I’m a big believer that honesty opens doors, particularly when it comes to building long-term relationships with people you are reaching out to.
It always takes countless hours to come up with a list of possible contacts.
So it won’t do you any good if you send overused emails to your outreach prospects.
Always keep in mind that you’ll never get a second chance to make a great first impression.
Today those outreach prospects are strangers, but tomorrow you might want to partner with them.
By then, it would be too late because they will already think that your company sends spam.
Your first outreach email is critical.
It should get your foot in the door and allow you to start building relationships with the people of interest.
In this post, you will learn why the majority of email templates aren’t worth being used or even taken into consideration.
Plus, I’ll share how to make your next email outreach template truly catch people’s attention.
Typical Mistakes in Email Outreach Templates
I receive tons of email outreach pitches.
Some of them make me cringe.
It’s obvious that all those templates were found on the web, slightly modified, and then sent to dozens of link prospects without any thought behind it.
Using mass emailing in email outreach is a bad idea.
However, this doesn’t mean that you don’t need a template.
You can take some time to develop a truly personalized template that you can slightly update later to fit the profile of the recipient you are sending it to.
But how do you know if the template you are currently using is not working and needs to be fixed urgently?
Here are five key things you should look for.
1. Non-Personalized Egobait
When you receive an email that tells how great, insightful, inspiring and so on and so forth your post on XYZ blog was, you know 100% that this email was sent out automatically.
Here’s an excellent example of what I’m talking about:
As you can see, all the adjectives are quite generic and nothing points out that this person really had a chance to review my guide.
Those red flags make me not care about this person’s opinion because I know for a fact that this email was received not only by me but also by thousands of other bloggers.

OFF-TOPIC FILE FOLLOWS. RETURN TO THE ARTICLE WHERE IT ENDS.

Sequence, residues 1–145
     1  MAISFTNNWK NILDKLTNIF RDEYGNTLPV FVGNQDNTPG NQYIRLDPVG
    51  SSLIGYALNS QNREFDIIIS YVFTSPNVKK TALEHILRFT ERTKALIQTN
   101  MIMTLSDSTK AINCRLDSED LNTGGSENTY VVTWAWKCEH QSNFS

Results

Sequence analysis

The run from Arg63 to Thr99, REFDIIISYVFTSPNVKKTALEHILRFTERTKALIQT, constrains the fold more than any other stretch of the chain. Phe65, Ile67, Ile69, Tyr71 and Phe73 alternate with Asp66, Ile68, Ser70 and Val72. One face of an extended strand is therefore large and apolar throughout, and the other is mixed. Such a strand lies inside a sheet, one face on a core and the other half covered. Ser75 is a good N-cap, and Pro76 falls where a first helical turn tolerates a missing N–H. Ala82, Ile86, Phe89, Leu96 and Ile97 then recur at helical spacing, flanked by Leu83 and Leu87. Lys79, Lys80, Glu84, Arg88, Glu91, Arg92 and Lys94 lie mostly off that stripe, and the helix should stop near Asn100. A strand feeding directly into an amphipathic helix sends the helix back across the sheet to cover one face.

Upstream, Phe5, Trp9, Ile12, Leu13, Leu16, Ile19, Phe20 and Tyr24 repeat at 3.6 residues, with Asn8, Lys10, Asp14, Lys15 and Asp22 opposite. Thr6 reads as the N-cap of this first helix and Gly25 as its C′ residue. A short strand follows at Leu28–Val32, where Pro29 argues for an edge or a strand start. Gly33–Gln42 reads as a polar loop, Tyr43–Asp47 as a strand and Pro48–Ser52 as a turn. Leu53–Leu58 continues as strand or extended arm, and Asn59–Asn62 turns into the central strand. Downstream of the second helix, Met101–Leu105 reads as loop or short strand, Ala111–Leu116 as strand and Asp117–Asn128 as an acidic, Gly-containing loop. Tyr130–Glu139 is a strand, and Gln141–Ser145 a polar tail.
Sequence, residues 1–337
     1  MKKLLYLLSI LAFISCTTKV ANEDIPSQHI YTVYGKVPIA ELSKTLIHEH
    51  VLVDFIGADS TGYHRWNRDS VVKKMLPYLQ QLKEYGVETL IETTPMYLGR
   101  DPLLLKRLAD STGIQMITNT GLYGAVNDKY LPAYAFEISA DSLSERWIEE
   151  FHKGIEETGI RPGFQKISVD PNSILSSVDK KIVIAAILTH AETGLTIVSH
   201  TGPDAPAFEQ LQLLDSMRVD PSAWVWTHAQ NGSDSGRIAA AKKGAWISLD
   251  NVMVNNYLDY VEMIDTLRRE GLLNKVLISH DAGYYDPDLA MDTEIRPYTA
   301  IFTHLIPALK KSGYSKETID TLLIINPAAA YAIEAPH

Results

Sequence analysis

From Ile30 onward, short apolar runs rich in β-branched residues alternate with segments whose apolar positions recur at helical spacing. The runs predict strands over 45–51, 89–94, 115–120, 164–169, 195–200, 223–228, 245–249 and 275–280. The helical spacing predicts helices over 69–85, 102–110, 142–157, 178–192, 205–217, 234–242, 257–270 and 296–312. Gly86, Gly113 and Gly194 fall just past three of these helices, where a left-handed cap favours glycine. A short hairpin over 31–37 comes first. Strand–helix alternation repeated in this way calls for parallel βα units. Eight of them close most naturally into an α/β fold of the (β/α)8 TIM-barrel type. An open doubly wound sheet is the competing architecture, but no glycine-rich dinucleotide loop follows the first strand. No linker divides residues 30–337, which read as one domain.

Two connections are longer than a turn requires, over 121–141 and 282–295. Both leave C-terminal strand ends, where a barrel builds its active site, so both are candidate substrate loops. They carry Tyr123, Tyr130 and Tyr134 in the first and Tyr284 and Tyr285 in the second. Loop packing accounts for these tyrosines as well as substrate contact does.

So obviously email blasting this message to hundreds of people does not help them get links at all.
Additionally, it creates a negative attitude toward their brand in my mind as they clearly don’t care about what I do.
So how do you make your ego-bait personalized?
You need to add one short sentence where you need to tell why exactly you enjoyed the post.
For instance, you could tell that you’ve faced similar problems with email outreach or that you are also a big fan of a particular tool or approach that the author was talking about in their post.
This screenshot shows an example of the sentence I used in one of my emails that did the trick.
You can see how my email outreach stands out in comparison with spam looking messages. Here, nobody can say that I sent the same exact email to other people.
2. Asking for Favors in Your First Email
Everybody wants the results right here right now but nobody is willing to spend time proving that they are trustworthy.
People ask for links simply because they consider their content good.
Recently Ryan Robinson tweeted just about that.
Why should you give links to unknown sites only because the content is allegedly decent?
The problem is that the person you are asking for a favor does not owe you anything and simply does not know who you are.
Additionally, the argument about interesting content is a bit wishy-washy.
For example, let’s take a look at some guests’ posts on the Moz blog mostly of good quality.
This screenshot shows posts that were published in the last six months and filtered by the number of referring domains: – Read more